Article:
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Middlesboro Daily News: Tuesday, April 5, 1977 - Page 1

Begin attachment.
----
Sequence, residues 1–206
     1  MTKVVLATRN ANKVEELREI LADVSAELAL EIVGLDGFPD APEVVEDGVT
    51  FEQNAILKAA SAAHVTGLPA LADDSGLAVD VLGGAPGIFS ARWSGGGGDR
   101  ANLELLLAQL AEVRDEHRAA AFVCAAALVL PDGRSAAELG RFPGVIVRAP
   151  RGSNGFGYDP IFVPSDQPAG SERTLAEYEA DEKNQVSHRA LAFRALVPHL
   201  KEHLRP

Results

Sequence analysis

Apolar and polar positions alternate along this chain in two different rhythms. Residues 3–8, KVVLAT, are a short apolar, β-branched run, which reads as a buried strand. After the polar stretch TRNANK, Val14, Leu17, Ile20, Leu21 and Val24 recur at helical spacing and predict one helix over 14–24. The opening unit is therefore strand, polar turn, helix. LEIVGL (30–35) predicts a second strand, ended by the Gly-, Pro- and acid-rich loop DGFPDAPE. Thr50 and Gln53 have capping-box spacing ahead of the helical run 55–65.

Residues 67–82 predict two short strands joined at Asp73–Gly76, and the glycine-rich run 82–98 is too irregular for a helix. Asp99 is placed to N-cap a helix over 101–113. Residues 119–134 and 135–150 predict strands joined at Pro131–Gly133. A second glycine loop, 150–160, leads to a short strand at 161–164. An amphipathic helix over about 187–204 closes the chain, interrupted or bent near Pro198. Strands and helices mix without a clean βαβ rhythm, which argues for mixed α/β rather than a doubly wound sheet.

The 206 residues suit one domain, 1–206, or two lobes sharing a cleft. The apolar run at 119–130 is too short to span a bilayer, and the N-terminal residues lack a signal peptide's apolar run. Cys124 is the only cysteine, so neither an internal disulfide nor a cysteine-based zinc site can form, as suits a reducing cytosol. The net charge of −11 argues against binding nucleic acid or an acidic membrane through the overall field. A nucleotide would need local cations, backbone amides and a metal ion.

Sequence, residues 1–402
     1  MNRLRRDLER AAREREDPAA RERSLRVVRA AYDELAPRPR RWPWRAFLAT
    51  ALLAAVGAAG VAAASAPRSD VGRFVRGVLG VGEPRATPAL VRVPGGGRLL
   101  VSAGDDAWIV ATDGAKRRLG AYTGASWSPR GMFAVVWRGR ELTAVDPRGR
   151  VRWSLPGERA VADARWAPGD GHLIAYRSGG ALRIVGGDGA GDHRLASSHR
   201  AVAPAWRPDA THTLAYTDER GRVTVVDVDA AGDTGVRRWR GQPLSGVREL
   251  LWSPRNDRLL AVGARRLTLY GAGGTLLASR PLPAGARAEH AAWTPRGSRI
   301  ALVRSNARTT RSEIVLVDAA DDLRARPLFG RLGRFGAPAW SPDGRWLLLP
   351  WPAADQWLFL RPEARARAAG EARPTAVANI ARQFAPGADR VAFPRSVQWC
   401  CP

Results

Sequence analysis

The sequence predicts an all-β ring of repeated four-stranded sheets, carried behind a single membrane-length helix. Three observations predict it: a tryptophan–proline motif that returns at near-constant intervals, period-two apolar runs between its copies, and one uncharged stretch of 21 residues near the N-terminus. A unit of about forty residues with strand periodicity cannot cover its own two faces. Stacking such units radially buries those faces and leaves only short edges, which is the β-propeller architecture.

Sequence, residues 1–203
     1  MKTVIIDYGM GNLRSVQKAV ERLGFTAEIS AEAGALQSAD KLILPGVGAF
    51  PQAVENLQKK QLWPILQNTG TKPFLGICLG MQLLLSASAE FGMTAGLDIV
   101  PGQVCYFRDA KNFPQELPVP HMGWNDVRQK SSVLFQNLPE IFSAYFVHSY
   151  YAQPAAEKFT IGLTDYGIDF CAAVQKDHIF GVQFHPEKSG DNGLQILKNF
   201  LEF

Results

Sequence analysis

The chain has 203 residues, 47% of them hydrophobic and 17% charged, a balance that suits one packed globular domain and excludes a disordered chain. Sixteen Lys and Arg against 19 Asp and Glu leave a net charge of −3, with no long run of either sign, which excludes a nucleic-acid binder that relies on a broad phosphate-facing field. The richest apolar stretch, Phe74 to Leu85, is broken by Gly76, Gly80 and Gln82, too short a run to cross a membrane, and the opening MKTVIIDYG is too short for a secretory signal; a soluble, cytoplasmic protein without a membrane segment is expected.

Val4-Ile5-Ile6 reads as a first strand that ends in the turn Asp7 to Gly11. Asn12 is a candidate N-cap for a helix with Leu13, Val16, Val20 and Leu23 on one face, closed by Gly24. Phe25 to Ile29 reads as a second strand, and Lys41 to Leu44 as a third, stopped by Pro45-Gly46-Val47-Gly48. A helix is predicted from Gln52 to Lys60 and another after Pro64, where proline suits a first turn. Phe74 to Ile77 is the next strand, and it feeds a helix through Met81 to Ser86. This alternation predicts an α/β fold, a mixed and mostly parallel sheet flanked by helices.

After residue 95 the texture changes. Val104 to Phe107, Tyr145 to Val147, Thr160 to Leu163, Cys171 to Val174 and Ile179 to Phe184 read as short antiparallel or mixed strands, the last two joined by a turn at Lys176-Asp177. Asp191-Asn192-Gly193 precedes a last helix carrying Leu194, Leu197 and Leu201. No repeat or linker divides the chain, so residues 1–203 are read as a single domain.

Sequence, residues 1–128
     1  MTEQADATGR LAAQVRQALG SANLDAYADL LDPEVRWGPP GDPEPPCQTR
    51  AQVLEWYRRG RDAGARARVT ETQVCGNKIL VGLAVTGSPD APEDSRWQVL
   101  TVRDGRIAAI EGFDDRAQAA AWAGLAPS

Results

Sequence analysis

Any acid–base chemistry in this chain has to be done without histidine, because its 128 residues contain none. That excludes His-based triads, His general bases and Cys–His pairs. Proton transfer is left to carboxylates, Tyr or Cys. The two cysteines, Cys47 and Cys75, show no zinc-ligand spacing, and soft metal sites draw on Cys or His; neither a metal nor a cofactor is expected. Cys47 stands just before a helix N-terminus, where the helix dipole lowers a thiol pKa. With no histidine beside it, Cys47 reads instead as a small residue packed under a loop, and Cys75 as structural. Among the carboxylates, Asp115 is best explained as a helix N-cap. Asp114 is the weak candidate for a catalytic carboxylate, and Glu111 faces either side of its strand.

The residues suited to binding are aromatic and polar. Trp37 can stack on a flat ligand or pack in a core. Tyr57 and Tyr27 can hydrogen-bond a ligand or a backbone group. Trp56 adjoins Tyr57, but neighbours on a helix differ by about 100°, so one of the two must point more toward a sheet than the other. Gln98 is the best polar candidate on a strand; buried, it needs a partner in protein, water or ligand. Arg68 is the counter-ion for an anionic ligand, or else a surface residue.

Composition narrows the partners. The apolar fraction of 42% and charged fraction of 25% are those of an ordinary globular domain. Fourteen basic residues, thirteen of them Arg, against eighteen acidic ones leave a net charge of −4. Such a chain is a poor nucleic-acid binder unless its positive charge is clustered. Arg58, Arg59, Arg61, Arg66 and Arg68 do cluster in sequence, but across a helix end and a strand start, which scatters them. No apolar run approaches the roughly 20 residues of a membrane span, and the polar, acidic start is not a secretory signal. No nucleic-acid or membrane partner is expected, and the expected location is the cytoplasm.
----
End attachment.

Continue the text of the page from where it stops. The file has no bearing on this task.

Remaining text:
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   Middlesboro Daily News (Newspaper) - April 5, 1977, Middlesboro, Kentucky                             Weather Cloudy, windy and cold today with chance of light rain. Highs in the mid to upper 41s. Cloudy and very coM tonight with chance of snow flurries. Lowi in the mid to upper 20s. Snow ending Wednesday with slowly decreasing cloudiness. VOL. 65 NO. 6 The Home Daily of the MIDDLESBORO, KENTUCKY TUESDAY APRIL 5, 1977 1 5 Cents Area Devastated by Floodwaters Ben Carter, dispatcher for the Middlesboro-Bell County Rescue Squad, was tired and dazed from 36 hours of wat- ching rising water and con- trolling Squad maneuvers during the flooding. "We're in real said the tired Carter. "We haven't been able to communicate with Pineville all night. Water is ten feet deep in the business district: That's all we've been able to learn." There were numerous reports of traffic occurrences which has been confirmed including an unidentified man and child missing in Mid- dles boro and a house that could have been occupied that was lodged against the Wallsend Bridge. There were also a couple of heart attack victims reports and an expectant Claiborne County mother In labor was transported through high water up Cumberland Avenue in Rescue Squad boats and taken to the hospital. About 300 hot breakfasts were requested by Judge Willie Hendrickson for evacuees housed at the Pineville Com- munity Hospital today. They were purchased by the Red Cross and flown to Pineville by helicopter. The Salvation Army is feeding and caring for about 60 local residents evacuated from low-lying and flooded areas at the First Baptist Church here. The church's own cooking facilities were out and hot meals were being transported from the flood-bound Salvation Headquarters to the church. The Rescue Squad has provided blankets and cots at the local church. Capt. Len Bowers, head of the local Salvation Army unit, said a mobile cooking unit has been dispatched from Louisville to aid Pineville evacuees and he expected to start cooking for an estimated there. Capt. Bowers also said Rough Going at the Intersection Like.boats patting In the night, traffic moved through the intersection at Cumberland Avenue and U.S. ZS-E yesterday afternoon before city and State Police cloied the highway. Several stalled in the high sloshing water and were towed to higher ground: At one point, a group of nurses were cut-off from the Mlddlesboro Community Hospital and were traMported through the high water by a National Guard two and one half ton truck. Rescue Squad boats also shuttled telephone and other workers through the water. F  debris plied up against the railroad bridge at Highway 441 and blacked the water's pastage. Damage estimates In the area were not available this morning, however, Cowden's Manufacturing was not thought to have been heavily damaged. Traffic moved through Die area until mid-afternoon when the water became too deep on the road and virtually sealed off MWdlttboro from outilde entrance. Storms in Southeast Claim Over 100 Lives By JOHN LESAR United Press International Deadly storms battered the Southeast Monday, spawning tornadoes that crushed towns like tinderboxes, triggering fatal floods and unleashing a fierce hailstorm that may have 'contributed to a fatal airline crash. The lethal combination of tornadoes, floods and thunder- storms claimed at least 103 lives. A Southern Airways DC9 jetliner, flying through a hailstorm, suffered two engine flameouts and forced the pilot to attempt a crash landing on a two-lane highway at New Hope, Ga. The landing failed and the plane plowed through the community and burst into flames. More than 70 persons were killed. At least 18 persons were killed by a twister that devastated Ingham, Ala., a Birmingham suburb. Two others were fatally injured in the nearby suburb of Fulton- dale and a twister in St. Clair County claimed one life. Nearly 100 persons were injured. Authorities said the death toll inSmithfieldEstateswould rise as the debris was cleared. The twister flattened virtually every home in an area several blocks wide in Ingham before skipping off toFultondale. Residents of the subdivision wandered through the streets in shock, huntingfor relatives who m ay have survived the storm. Twisters skipped over Floyd County, Ga., lulling one person. Two persons drowned in West Virginia floods that forced thousands of residents in southern counties to flee their homes. The wet weather also was blamed for one traffic death in West Virginia. Tornadoes damaged house trailers and barns in parts of. Mississippi and flash floods hit other sec lions of the state. "We are having lots of calls coming in about people who have been stranded on the tops of can, who needed to be a spokesman for the Jackson, Miss., Disaster Con- several truck loads of bedding, clothing and furniture are standing by in Knoxvillc, Term., and Louisville to bring into the area when the flood waters recede to aid flood- stricken victims. Distribution points will be announced when the water goes down. Last night Clancy's Restaurant fed several hun- dred evacuees, firemen, police and Rescue Squad workers. The Cumberland River, swelled by five inches of rainfall in its watershed, lapped over the concrete floodwall into Pineville late Monday night, forcing the evacuation of an estimated of the city's residents to higher ground. Shortly after the water began coming over the floodwall, the city's power went off briefly, making the electrically-operat- ed flood protection pumps temporarily useless. Power was restored 30 minutes later. Mayor Andy Williams broad- cast several appeals during the evening for residents of low- lying sections to evacuate and citizen teams had gone door-to- door at Pineville several hours earlier, urging residents to move to higher ground. Gov. Julian M. Carroll planned to fly to the flood- stricken southeast Kentucky area today, with stops sche- duled at the areas hardest h'f. The governor's plane was leave Frankfort at 8 a.m. EST.. trol Center said. Flooding was blamed for three deaths in Kentucky. Floodwatersisolated the Ken- tucky communities of Evarts and Harlan. The Cumberland River topped its floodwall at Pineville, Ky., Monday night and some persons were ordered out of their homes. Flooding also plagued Ten- nessee. An 8-year-old girl drowned when she was swept away by a small stream behind her home near the border of Tennessee's Lincoln and Moore counties. Several evacuations were ordered. One traffic death also was blamed on the wet weather in Tennessee. At least four deaths were attributed to the flooding, which hit hardest In Harlan and Bell counties. Sabino Sanchez, an elderly resident of Lynch, drowned near his home; Susie Evans, about 45, Benham, died of a heart attack while waiting in a car which had stalled in high water on a road near Rosspoint and a man identified only as Jenkins reportedly drowned in Little Creek off Ky. 72 in Harlan County. Sewell Stanley, 63, Middles- boro, drowned Monday after- noon in Bell County when his car plunged into a Hooded creek. See Flood Pictorial PageS Other rivers in southeast Kentucky also reached record crests or near crests Monday night, while some continued rising today. Rains continued over most of eastern Kentucky through late Monday, east of a line from Danville through Lake Cumberland, but were expected to end behind a fas.t- moving cold front. The Cumberland River at Harlan, which was mostly inundated earlier Monday, crested Monday night 18 feet above flood stage and began falling at the rate of three inches per hour. Tom Little, of the Division of Disaster and Emergency Relief, Frankfort, said the Middlesboro Civic Center was opened for evacuees from Pineville, but Pineville spokes- men said water over the roads made it impossible to reach Middlesboro. Kentucky National Guards- men from Middlesboro pa- trolled the downtown area of Pineville and helped in the evacuation. Earlier, Guards- men were activated at Harlan to help with evacations there. An estimated 220 Harlan County residents were taken to two centers at Harlan late Monday. Harlan County Judge Hugh Hall declared the county a disaster area because of flooding. Russ Dorm, Louisville, hy- drologist for the Weather expect the Cumberland to rise more than a foot or a foot and one half above the floodwall at Pineville. That, of course, will fill up the he added. "It's already crested at Harlan and has begun falling slowly." Bell County Emergency Squad members, police and firemen, and pupils from Clear Creek Baptist School all helped urge residents to flee to mountainside homes, schools and churches above the city. The Weather Service said the Levisa Fork of the Big Sandy should crest at 42 feet above flood stage, today. The Big Sandy should crest at 46.5 feet by 8 p.m. EST Wednesday, 1.5 feet above flood stage. Beaver Creek was predicted to crest at Maretin four to six feet over flood stage by early today. Flood stage of 29 feet was forecast for the South Fork of the Kentucky River Tuesday morning. At Willia msburg downs tream on the Cumberland, Rachael Kamuf, editor of The Whltley Republican, said, "They're taking the stock out of stores downtown to higher ground and people who live in mobile homes are taking them out of the bottoms by truck. "Here at the Republican, we've got the equipment on blocks. There's a typesetter on top of my desk -1 don't know how they got it there." Shelters also were set up in Whitley County. In Floyd County, two Depart- ment of Natural Resources representatives spent the night watching a silt dam above the former Princess-Elkhorn Coal Co. town of David, Ky. At last report, there was no water going over the dam and the structure was reported holding. Tentative plans were to evacuate the 125 residents of Continued on Page 7 71 Die in Jet Crash By WILLIAM COTTERELL NEW HOPE, Go. (UPI) A Southern Airways jet; both engines dead and its pilot desperately trying to land on a two-lane highway during a hailstorm, crashed and explod- ed Monday in the small Atlanta suburb of New Hope. At least 71 persons were killed and 27 others Injured. The DCS, carrying 81 passen- gers and four crew members from Huntsvllle and Muscle Shoals, Ala., to Atlanta, plowed through a grocery store and cars, sheared telephone poles and trees as it careened down the highway in a 300-foot swath of destruction. "It sounded like a tornado and I screamed for everyone to run and I looked back down the highway and here come a jet Mid Mrs. Mary Clay- ton, who was working in her yard when the airliner came out of a squall at p.m. EST. "It was breaking apart all down the she said. "It was throwing pieces up in the air and they were exploding." The pilot, Capt. William W. McKenzie, 54, of Laplace, La., swooped low over the New Hope Elementary School and guided the crippled craft down thenirrow highway. McKenzte died in the wreckage. "Hedid a miraculous Sheriff B ob Shipp sa id. "He did all he could and probably lost his life doing it. He had his mind and thoughts with the people on that plane." Government sources said at least 10 of the plane's passen- gers were executives from the. Marshall Space Flight Center and the Army's Redstone Arsenal Research and Develop- ment Command at Huntsville. Their fate was not immediately known. The plane disintegrated as it skidded down the highway. The fuselage tumbled end over end, then exploded. "We actually seen the fusel- age slipping, the wings disinte- grating and bodies going through the said John Clayton, chief of the New Hope Volunteer Fire Department, who saw the crash from his yard. "It was a big ball of said James Higdon, who witnessed the crash from the front porch of his house. "I started running through the woods but by the time we got over there it was burning too bad for anybody to get out. There was people hurt all over the place. We helped get a few out. They was burned real bad." When firemen finally extin- guished the flames, the largest single piece of debris was the overturned tail section. Frederick Clemens, 18, a passenger from Wilmington, Del., escaped with burns over 20 per cent of his body. "We were flying through a hailstorm and I guess the hailstones clogged up the engine or something. And after that we had three or four minutes of unpowered flight with both t he jet engines blown, and we coasted down to a forced he said. "All I re member was when we s tar ted hitting, it was getting rougher." Authorities were unable to determine how many persons on the ground were killed or injured by the plane's debris. Sheriff Shipp said 59 bodies were in a makeshift morgue near Dallas, the Paulding County seat Hospitals in the area reported 12 persons dead. The sheriff said two of the dead were townspeople and three other New Hope residents were missing, "but they may be In a hospital or they may be in the woods. We don't know." The plane apparently deve- lopedtroublewhileapproaching Atlanta for a landing. "The pilot was talking to the Atlanta Air Route Traffic Control Center and reported a windshield failure and one engine flamed said Jack Barker of the Federal Aviation Administration. "And then he reported the flameout of the second engine. He then switched to the Atlanta tower and said he would try to set it down on a road." TV A Takes 'Significant' Steps to Cut Pollution By RANDY MINKOFF FRANKFORT, Ky. (UPI) TheTennesseeValleyAuthority has made significant steps to curb pollution levels at its two facilities inKentucky according to state air pollution control officials. But, the Air Pollution Direc- tor for the Bureau of Environ- mental Protection, John Smilher, said Monday the state isn't totally satisfied with the pollution control methods being undertaken by the TVA at the Shawnee facili ly nea r Paducah. The controversy between the state, TVA and the federal Environmental Protection Agency regarding pollution control devices at all of the utility's facilities has been simmering for several months, according toSmither. "But we feel In Kentucky, at least, at their two facilities, they have made signfleant steps to improve the situation as of S mither said. TVA has facilities at Para- dise in Muhlenberg County and at the one in Shawnee. The federal EPA has sought to force TVA into improving pollution control at Its plants in the South at a quicker pace, and has threatened sanctions and fines against the utility if they did not comply. However, Smither, who said the state has tried to take an active role in ensuring safe levels for the two facilities, said there is still the question of whether one federal govern- ment agency can fine another. "There is still some question in the minds of many people whether a federal agency can act against another federal Smither said. "But make no mistake the state can act to make sure the TVA facilities come Into compliance wi Instate regulations." And, Smither said the work done at both facilities recently hasenaHed TVA to make "long strides" into coming into compliance with the state and federal EPA fllr pollution conlrolstandards. At the Paradise facility, Smither said TVA has plans to install a washing facility to wash sulfur out of the coal that would allow it to keep down on pollution emitting. However, at Shawnee facility, Smither said theTVA plans are somewhat less definitive on controlling low sulfur coal. "We aren't particularly pleased with the approach at Shiwneetogo to what they call Smither said. "St 111, there are many U-chnlc al things to work out and it's going to take a matter of years before the problem is finally solved." The problems caused by pollution at the plants was revealed several years ago when studies showed signflcant Continued on Page 7 Lifelong Middlesboro Resident Dies A lifelong Middlesboro resident, Mr. Eugene Pen- dleton Nicholson, Jr., age 73, of 4 Edgewood Ct., passed away suddenly Sunday at his home. He was preceded in death by his wife, the late Laura Nicholson several years ago. He was a gradudate of the University of Wisconsin and the Vanderbilt School of Law. He was a practicing attorney since 1929 and was a specialist in Title Law. A member of the First Presbyterian Church, he was a member of the Board of Trustees of the Church. A complete obituary appears in todays edition of the Daily News. Files in Seventh William L. Rice, 58, Dor- chester Avenue, has filed as a candidate for 7th District Magistrate In the Democratic Primary. Mr. Rice attended Middlesboro schools and Is a life-time resident of the city. He graduated from Universal Schools, Dallai, Tx., as an insurance adjuster, and alioattended II. R. Block Tai School. He ii a notary public and an employee of the Trl-SUlc Wholesale Co. where he is a buyer and head of the Cigarette Tax Department. A Deacon of the First Christian Church, he Is also a member of Its Official Board. He promises that, II elected, he will ihow no partiality and ipend the taxpayers' money wUely.